Concrete and Sea Air
We seemed to have slept late with Arthur finally getting up around 1:00 p.m. We were tired, but wanted to make good on a day in Tel Aviv. I was here 40 years ago, but things seem to have changed. We walked up Rothschild Ave to have lunch at a delightful hotel. I was only adventurous with a “Moroccan Cigar”, but Arthur had Seniyeh: smoked ground meat, bulgar, charred tomatoes, tahini, spiced paprika, smoked eggplant. Apparently it was quite good.
We continued walking up Rothschild to Dizengoff Avenue, which is sort of a commercial strip. It’s always fun to see material and commercial culture on the way.
Interesting buildings on the way, but of note are several “Bauhaus” buildings. I don’t think they flow directly out of that school, but were certainly influenced by it, such as the Cinema Esther, and many other buildings. When I was here a long time ago, our guide suggested that we could have some time in Tel Aviv or in Caesarea Maritima. We, of course, shouted Caesarea Maritima. “We can go to Miami any day,” one of us said. Miami and its “art deco” buildings bear a great deal of resemblance to Tel Aviv.
We go to the “Bauhaus Center” at no. 99, and spend some time with books and photographs. Especially interesting to me is a book on Architecture in Palestine during the British Mandate, making me realize how little I know about that period. Arthur is reading Eugene Rogan’s book, The Fall of the Ottomans, which has a chapter noting what leads up to the mandate. I’ll have to read that and find other materials that can complete whatever I do know about the period and the place. I’m finding that my assumptions about Israel and Palestine are neither helpful nor accurate. Some have been formed by my religious up bringing, and others by my embarrassment at Germany’s behavior during the Nazi period. What I am realizing now is that my tour of Israel in 1975 as a guest of the Israeli government was filled with not a little propaganda, and that I have not gone to test the assumptions driven by that experience.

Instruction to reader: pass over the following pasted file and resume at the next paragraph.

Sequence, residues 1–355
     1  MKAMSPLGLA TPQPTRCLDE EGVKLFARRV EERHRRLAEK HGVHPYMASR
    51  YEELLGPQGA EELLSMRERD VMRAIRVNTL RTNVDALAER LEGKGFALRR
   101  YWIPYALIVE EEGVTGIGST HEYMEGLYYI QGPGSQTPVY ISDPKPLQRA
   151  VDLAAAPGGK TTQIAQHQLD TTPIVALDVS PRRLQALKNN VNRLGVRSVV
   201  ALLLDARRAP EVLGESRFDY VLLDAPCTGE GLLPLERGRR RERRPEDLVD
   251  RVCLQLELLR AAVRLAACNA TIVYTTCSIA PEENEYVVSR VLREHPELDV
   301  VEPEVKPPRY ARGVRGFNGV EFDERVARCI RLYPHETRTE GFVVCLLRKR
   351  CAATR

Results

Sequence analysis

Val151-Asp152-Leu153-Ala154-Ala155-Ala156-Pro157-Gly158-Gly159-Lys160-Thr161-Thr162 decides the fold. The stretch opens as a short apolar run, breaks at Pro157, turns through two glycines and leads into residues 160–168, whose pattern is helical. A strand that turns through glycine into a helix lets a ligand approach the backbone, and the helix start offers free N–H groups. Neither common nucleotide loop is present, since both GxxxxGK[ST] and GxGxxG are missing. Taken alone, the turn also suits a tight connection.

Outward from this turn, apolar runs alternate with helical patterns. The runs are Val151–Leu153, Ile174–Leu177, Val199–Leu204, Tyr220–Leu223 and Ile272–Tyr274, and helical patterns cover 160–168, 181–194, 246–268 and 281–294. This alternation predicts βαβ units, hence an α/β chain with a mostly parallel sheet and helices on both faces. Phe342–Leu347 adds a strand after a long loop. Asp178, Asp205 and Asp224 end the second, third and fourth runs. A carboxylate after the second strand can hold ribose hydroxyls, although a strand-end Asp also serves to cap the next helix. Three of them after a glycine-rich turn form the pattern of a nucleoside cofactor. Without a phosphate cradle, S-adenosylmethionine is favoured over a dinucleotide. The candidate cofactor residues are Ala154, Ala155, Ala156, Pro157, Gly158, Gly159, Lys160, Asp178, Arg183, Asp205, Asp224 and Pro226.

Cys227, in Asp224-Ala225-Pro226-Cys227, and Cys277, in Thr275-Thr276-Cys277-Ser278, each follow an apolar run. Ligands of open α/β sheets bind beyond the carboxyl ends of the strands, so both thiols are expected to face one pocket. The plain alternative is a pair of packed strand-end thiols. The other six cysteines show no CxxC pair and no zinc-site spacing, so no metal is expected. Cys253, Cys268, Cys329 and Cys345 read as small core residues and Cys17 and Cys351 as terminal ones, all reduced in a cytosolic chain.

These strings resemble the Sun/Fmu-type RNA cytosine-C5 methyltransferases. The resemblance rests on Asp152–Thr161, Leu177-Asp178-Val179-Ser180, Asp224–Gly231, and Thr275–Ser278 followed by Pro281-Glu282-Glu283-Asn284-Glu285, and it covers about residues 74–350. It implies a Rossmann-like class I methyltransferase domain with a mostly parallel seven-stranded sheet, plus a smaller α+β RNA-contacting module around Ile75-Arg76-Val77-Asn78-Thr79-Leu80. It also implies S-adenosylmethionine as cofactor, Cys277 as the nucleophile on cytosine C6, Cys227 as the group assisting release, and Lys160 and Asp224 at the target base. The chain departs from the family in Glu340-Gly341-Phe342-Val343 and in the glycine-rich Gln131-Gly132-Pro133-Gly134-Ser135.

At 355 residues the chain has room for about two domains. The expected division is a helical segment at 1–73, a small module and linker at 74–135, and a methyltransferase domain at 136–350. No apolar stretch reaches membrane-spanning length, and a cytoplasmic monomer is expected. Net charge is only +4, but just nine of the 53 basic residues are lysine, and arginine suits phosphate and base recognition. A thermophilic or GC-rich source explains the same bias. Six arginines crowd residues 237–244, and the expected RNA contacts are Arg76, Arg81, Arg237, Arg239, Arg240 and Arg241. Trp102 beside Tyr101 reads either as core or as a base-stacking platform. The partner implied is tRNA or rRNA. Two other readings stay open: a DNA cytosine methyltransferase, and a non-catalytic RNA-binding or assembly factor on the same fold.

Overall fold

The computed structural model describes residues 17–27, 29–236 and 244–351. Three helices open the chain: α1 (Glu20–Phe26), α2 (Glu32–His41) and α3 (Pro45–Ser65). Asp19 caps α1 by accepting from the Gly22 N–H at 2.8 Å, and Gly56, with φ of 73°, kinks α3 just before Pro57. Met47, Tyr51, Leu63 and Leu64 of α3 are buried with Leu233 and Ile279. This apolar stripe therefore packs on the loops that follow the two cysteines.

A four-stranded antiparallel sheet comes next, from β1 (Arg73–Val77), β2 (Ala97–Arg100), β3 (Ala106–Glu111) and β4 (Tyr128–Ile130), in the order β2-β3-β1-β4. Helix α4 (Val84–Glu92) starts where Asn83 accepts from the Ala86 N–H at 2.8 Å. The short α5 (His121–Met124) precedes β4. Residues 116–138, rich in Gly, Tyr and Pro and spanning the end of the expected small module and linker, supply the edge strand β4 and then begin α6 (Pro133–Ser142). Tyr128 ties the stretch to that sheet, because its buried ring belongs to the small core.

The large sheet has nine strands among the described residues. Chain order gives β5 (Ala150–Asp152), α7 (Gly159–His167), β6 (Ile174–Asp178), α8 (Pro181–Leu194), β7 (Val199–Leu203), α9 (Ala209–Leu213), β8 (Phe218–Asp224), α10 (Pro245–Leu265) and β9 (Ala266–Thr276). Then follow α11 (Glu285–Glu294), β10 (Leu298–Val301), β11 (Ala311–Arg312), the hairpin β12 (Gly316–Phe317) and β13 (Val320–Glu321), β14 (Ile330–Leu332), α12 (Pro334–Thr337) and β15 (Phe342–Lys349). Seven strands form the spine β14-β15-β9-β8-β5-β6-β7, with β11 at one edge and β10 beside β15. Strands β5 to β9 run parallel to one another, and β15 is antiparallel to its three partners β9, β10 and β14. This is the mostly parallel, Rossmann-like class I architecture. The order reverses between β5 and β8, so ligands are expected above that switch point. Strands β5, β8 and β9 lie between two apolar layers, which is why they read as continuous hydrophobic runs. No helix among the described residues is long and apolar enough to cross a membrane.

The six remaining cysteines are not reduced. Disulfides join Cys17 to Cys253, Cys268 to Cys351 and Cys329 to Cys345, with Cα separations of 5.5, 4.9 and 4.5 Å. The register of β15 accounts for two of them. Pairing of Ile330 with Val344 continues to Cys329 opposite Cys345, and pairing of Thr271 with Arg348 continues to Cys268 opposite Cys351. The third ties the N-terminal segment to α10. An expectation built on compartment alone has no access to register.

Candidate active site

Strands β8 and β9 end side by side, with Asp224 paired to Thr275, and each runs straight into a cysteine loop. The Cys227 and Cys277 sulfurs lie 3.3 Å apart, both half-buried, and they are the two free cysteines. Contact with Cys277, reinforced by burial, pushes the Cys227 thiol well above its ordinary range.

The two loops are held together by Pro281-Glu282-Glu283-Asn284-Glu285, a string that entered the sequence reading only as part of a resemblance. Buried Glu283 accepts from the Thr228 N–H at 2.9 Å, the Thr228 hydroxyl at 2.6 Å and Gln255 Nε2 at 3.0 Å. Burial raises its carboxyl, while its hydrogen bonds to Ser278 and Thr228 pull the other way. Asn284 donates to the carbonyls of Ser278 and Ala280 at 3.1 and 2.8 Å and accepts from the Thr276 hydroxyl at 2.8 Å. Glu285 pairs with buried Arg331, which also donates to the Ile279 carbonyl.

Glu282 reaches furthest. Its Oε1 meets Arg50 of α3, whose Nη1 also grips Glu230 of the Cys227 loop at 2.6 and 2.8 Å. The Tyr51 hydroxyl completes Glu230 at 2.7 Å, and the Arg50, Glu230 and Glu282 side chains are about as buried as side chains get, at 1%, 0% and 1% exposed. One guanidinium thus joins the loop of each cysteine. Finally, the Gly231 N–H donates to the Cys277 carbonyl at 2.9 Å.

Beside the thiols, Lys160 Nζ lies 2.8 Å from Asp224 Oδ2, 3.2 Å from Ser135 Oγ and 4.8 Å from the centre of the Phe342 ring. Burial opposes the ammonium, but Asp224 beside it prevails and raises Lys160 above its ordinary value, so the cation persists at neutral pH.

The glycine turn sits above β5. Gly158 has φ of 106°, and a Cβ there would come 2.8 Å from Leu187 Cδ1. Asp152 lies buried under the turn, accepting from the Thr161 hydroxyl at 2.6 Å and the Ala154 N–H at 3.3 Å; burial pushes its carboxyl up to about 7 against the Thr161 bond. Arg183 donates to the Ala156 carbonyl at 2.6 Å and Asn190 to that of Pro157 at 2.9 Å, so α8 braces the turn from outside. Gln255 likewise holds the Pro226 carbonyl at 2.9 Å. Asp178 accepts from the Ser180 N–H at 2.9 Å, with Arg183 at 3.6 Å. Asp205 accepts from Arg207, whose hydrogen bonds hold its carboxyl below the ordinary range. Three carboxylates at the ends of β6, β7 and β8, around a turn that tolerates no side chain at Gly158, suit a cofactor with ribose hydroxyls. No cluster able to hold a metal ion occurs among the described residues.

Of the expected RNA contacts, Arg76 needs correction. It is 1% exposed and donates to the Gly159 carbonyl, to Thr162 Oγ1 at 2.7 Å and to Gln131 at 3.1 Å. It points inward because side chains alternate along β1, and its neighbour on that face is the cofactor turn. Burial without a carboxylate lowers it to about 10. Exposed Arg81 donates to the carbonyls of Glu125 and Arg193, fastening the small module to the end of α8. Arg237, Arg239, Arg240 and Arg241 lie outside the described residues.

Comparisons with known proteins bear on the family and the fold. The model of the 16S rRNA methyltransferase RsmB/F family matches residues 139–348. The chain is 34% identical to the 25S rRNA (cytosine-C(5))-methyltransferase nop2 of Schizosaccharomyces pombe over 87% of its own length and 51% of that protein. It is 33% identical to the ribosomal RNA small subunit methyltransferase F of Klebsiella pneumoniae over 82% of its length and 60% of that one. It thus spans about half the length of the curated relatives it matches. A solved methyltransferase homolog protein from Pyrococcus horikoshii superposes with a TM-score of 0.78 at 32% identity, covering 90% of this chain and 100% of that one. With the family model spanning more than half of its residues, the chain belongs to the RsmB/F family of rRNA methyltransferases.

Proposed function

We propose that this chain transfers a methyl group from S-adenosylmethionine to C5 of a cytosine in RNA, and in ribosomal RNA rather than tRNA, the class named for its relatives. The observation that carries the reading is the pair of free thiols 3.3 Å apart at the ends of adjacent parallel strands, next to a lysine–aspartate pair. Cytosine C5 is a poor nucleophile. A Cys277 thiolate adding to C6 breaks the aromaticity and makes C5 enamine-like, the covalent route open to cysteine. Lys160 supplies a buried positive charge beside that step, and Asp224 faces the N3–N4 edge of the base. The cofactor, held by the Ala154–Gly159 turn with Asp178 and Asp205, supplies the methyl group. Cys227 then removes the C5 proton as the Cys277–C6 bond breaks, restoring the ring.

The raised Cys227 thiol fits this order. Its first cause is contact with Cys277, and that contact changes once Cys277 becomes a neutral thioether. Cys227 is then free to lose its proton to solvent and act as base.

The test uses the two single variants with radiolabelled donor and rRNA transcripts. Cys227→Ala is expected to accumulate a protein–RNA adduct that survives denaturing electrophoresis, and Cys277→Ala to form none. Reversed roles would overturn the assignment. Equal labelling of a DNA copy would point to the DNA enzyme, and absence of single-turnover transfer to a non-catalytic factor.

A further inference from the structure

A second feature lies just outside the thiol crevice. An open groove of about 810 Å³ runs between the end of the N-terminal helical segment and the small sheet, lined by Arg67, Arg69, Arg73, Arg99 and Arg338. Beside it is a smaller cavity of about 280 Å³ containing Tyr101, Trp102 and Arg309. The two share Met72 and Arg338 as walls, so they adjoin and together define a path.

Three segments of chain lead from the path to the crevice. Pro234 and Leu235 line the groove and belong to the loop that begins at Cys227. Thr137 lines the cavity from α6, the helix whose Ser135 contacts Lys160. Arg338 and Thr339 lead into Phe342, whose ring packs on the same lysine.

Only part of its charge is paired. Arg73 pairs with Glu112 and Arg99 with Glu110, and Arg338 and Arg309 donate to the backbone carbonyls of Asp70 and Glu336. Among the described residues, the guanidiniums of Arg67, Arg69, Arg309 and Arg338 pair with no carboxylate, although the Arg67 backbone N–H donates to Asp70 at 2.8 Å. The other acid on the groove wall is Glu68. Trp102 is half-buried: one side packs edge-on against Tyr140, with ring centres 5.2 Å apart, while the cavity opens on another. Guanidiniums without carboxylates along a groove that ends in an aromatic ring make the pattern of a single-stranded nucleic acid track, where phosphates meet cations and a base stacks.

We continue down to the beach. What was once a section of low-rise buildings is gradually being replaced by huge hotels. The city government is rebuilding the whole beachfront, and it was all awash with tourists and bathers.
At dinner this evening, at a sidewalk humus restaurant, Arthur asked for a card, and got one. It was all in Hebrew. Earlier in the day he commented on how there was much more Hebrew than he expected, rendering signs and street directions unintelligible. It is one thing to see words which one doesn’t understand, but at least in an alphabet that allows you to pronounce the word. I am having difficulties with modernized Hebrew writing. Some is completely not understandable, others I can at least sound out and make a stab at understanding. At dinner, our first waitress spoke very little English but made a good effort at serving us. She did, however, send over a young woman who spoke English, was born in L.A., and has lived in Israel off and on. She represented my faulty assumption, that Israel was largely populated by European immigrants, such as our driver from the airport who was from Russia and has lived here for 25 years. Unknown to me are the majority (?) who were born here and helped form the culture here.
So my assumption that Israel is virtually another part of Europe is false and doesn’t work. Having gotten rid of that assumption, it becomes a more interesting place. It is mid-eastern, with all the cultural joys of that history.
Tel Aviv is, however, a bit shabby. A lot of the “Bauhaus” buildings are simply crumbling, and some are being restored with care. There is graffiti to rival anything else in the world. What was here is coming down to make place for Las Vegas style high rises and hotels. They won’t last long. The steady salt air breeze seems to make for a difficult time for concrete buildings with iron rebar. Also, the buildings seem to follow a pattern that we first saw in Turkey: concrete risers and floors, filled in with masonry. Once the stucco that covers them begins to crumble they are in danger of degrading as well.
Walking through the Carmel Market after our dinner of humus and falafel, we come upon other buildings that have been carefully maintained. Indeed as we go on to Rothschild again we see marvelously kept new and old buildings – lots of tony restaurants – and banks.
We have had very little time here, but the time we have had has proved to be enlightening and challenging. Now it is time for tonic and lemon, peanuts and sleep.